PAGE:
Eberhard Weber – Yellow Fields (1975)

FrontCover1Eberhard Weber (born 22 January 1940, in Stuttgart, Germany) is a German double bassist and composer. As a bass player, he is known for his highly distinctive tone and phrasing. Weber’s compositions blend chamber jazz, European classical music, minimalism and ambient music, and are regarded as characteristic examples of the ECM Records sound.

Weber began recording in the early 1960s, and released The Colours of Chloë (ECM 1042), his first record under his own name, in 1973. In addition to his career as a musician, he also worked for many years as a television and theater director. He has designed an electric-acoustic bass with an additional string tuned to C.

Weber’s music, often in a melancholic tone, frequently utilizes ostinatos, yet is highly organized in its colouring and attention to detail. He was an early proponent of the solid-body electric double bass, which he has played regularly since the early 1970s.


From the early 1960s to the early 1970s, Weber’s closest musical association was with pianist Wolfgang Dauner. Their many mutual projects were diverse, from mainstream jazz to jazz-rock fusion to avant-garde sound experiments. During this period, Weber also played and recorded with pianists Hampton Hawes and Mal Waldron, guitarists Baden Powell de Aquino and Joe Pass, The Mike Gibbs Orchestra, violinist Stephane Grappelli, and many others.

Starting with The Colours of Chloë, Weber has released 13 more records under his own name, all on ECM. The ECM association also led to collaborations with other ECM recording artists such as Gary Burton (Ring, 1974; Passengers, 1976), Ralph Towner (Solstice, 1975; Solstice/Sound and Shadows, 1977), Pat Metheny (Watercolors, 1977), and Jan Garbarek (10 recordings between 1978 and 1998).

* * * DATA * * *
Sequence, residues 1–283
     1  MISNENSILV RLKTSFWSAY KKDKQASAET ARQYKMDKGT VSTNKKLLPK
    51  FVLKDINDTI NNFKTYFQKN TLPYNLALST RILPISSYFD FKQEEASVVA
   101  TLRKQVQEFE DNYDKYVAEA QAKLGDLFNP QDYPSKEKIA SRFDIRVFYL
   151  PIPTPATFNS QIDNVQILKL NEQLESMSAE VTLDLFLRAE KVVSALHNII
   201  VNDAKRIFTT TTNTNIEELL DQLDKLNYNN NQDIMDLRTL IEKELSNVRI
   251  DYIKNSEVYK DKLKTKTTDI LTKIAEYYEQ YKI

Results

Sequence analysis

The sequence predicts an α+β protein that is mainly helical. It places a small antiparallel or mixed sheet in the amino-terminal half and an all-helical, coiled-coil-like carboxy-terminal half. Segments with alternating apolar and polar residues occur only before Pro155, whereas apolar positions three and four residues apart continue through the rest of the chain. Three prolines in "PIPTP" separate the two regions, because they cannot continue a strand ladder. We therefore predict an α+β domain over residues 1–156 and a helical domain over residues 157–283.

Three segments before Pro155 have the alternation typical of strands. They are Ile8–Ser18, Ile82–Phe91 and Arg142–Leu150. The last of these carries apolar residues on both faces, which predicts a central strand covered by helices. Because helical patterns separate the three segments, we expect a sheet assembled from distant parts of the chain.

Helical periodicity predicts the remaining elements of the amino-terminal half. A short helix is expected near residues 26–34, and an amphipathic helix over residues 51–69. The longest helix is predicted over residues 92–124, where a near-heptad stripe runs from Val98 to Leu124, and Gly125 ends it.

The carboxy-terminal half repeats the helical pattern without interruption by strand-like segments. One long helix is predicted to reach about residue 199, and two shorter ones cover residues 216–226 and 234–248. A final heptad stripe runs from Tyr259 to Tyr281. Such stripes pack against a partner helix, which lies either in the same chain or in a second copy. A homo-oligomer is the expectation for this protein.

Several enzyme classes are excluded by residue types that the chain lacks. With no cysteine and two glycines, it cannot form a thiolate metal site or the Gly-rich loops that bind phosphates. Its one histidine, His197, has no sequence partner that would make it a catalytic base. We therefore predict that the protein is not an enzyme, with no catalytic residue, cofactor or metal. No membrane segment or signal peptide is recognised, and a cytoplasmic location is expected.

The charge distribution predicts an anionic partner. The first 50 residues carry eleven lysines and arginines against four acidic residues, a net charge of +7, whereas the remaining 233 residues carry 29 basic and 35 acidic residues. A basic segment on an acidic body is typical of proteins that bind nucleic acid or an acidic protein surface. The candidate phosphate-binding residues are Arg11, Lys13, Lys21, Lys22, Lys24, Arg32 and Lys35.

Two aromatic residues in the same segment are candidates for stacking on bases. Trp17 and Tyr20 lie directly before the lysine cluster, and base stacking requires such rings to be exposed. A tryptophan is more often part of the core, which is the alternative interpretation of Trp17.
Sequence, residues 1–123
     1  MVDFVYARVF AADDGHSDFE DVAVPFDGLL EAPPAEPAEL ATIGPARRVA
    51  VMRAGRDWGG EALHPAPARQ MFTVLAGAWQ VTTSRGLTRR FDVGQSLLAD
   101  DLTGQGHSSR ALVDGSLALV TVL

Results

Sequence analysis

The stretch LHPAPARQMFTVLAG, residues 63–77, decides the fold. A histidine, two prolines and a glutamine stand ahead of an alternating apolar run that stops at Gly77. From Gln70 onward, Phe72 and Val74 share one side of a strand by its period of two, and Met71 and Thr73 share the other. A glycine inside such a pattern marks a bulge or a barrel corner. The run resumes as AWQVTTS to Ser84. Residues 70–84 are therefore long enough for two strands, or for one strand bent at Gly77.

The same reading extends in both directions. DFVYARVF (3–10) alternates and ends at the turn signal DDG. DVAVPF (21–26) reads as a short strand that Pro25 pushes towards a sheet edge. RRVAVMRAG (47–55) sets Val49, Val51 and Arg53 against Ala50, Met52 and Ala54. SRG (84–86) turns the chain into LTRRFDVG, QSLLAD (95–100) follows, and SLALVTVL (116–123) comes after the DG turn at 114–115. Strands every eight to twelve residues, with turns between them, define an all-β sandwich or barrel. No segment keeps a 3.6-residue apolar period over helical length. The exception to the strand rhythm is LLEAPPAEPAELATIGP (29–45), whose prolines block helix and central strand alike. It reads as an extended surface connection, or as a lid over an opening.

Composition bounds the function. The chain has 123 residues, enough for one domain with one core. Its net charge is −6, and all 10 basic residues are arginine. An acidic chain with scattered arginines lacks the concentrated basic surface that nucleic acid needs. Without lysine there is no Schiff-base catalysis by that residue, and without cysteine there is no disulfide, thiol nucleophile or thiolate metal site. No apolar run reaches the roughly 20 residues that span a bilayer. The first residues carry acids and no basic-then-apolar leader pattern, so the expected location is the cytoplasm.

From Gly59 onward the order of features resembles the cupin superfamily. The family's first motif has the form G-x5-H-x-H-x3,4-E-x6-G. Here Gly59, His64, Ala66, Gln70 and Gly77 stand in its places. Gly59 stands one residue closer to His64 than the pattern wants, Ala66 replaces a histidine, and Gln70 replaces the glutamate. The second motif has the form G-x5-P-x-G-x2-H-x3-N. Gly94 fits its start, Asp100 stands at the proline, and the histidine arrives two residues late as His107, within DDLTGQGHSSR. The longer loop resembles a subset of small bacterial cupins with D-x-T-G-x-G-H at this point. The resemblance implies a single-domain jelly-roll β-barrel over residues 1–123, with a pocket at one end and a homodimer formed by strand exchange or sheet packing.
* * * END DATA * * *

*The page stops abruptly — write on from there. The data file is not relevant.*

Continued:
EberhardWeber06In the mid-1970s Weber formed his own group, Colours, with Charlie Mariano (soprano saxophone, flutes), Rainer Brüninghaus (piano, synthesizer) and Jon Christensen (drums). After their first recording, Yellow Fields (1975), Christensen left and was replaced by John Marshall. The group toured extensively and recorded two further records, Silent Feet (1977) and Little Movements (1980), before disbanding.

Since the early 1980s, Weber has regularly collaborated with the British singer-songwriter Kate Bush, playing on four of her last six studio albums (The Dreaming, 1982; Hounds of Love, 1985; The Sensual World, 1989; Aerial, 2005).

During the 1980s, Weber toured with Barbara Thompson’s jazz ensemble Paraphernalia.

Since 1990, Weber’s touring has been limited, and he has had only two new recordings under his own name: The 2001 release Endless Days is an elemental fusion of jazz and classical music flavors, fitting well the moniker chamber jazz. His main touring activity during that period was as a regular member of the Jan Garbarek Group. On the occasion of his 65th birthday, in March, 2005 he recorded Stages of a Long Journey, a live concert with the Stuttgart Radio Symphony Orchestra and featuring Gary Burton, Wolfgang Dauner and Jan Garbarek. In 2009 ECM also re-released his albums Yellow Fields, Silent Feet and Little Movements as a 3-CD collection titled “Colours”.


In 2007, Weber suffered a stroke and was subsequently unable to perform.[3] In a January 2010 interview with Die Welt, he spoke about his medical condition and future projects.[4]

Weber was awarded the prestigious Albert Mangelsdorff-Preis in November 2009. A box set of his 1970s works was released by ECM Records the same month.

Weber’s latest albums, Résumé (2012) and Encore (2015) comprise solos from his performances worldwide with The Jan Garbarek Group, overdubbed with keyboards/treatments by Weber, sax by Garbarek, and flügelhorn by Ack Van Rooyen.

His autobiography, Résumé, was published in 2015. An English translation by Heidi Kirk – Eberhard Weber: A German Jazz Story – is due to be published in October 2021.


Yellow Fields is the second solo album by German double bassist and composer Eberhard Weber recorded in 1975 and released on the ECM label.